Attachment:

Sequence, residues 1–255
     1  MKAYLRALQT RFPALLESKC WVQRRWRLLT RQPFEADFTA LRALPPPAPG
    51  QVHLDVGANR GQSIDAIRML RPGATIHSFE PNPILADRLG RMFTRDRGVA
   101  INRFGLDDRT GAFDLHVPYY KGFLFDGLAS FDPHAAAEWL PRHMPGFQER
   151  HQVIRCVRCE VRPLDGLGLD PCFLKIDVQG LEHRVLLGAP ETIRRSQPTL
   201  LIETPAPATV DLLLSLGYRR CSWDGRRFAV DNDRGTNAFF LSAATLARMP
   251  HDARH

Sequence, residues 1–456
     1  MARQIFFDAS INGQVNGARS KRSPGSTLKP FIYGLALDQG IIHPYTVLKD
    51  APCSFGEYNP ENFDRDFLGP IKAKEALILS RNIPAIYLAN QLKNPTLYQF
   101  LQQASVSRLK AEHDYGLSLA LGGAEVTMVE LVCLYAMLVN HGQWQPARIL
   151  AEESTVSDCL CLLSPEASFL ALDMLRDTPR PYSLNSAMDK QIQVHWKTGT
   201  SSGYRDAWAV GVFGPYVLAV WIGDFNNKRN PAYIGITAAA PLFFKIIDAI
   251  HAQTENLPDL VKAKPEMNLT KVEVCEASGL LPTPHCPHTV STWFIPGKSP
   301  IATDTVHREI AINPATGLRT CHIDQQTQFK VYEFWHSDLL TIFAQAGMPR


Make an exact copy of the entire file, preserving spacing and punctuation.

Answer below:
Sequence, residues 1–255
     1  MKAYLRALQT RFPALLESKC WVQRRWRLLT RQPFEADFTA LRALPPPAPG
    51  QVHLDVGANR GQSIDAIRML RPGATIHSFE PNPILADRLG RMFTRDRGVA
   101  INRFGLDDRT GAFDLHVPYY KGFLFDGLAS FDPHAAAEWL PRHMPGFQER
   151  HQVIRCVRCE VRPLDGLGLD PCFLKIDVQG LEHRVLLGAP ETIRRSQPTL
   201  LIETPAPATV DLLLSLGYRR CSWDGRRFAV DNDRGTNAFF LSAATLARMP
   251  HDARH

Sequence, residues 1–456
     1  MARQIFFDAS INGQVNGARS KRSPGSTLKP FIYGLALDQG IIHPYTVLKD
    51  APCSFGEYNP ENFDRDFLGP IKAKEALILS RNIPAIYLAN QLKNPTLYQF
   101  LQQASVSRLK AEHDYGLSLA LGGAEVTMVE LVCLYAMLVN HGQWQPARIL
   151  AEESTVSDCL CLLSPEASFL ALDMLRDTPR PYSLNSAMDK QIQVHWKTGT
   201  SSGYRDAWAV GVFGPYVLAV WIGDFNNKRN PAYIGITAAA PLFFKIIDAI
   251  HAQTENLPDL VKAKPEMNLT KVEVCEASGL LPTPHCPHTV STWFIPGKSP
   301  IATDTVHREI AINPATGLRT CHIDQQTQFK VYEFWHSDLL TIFAQAGMPR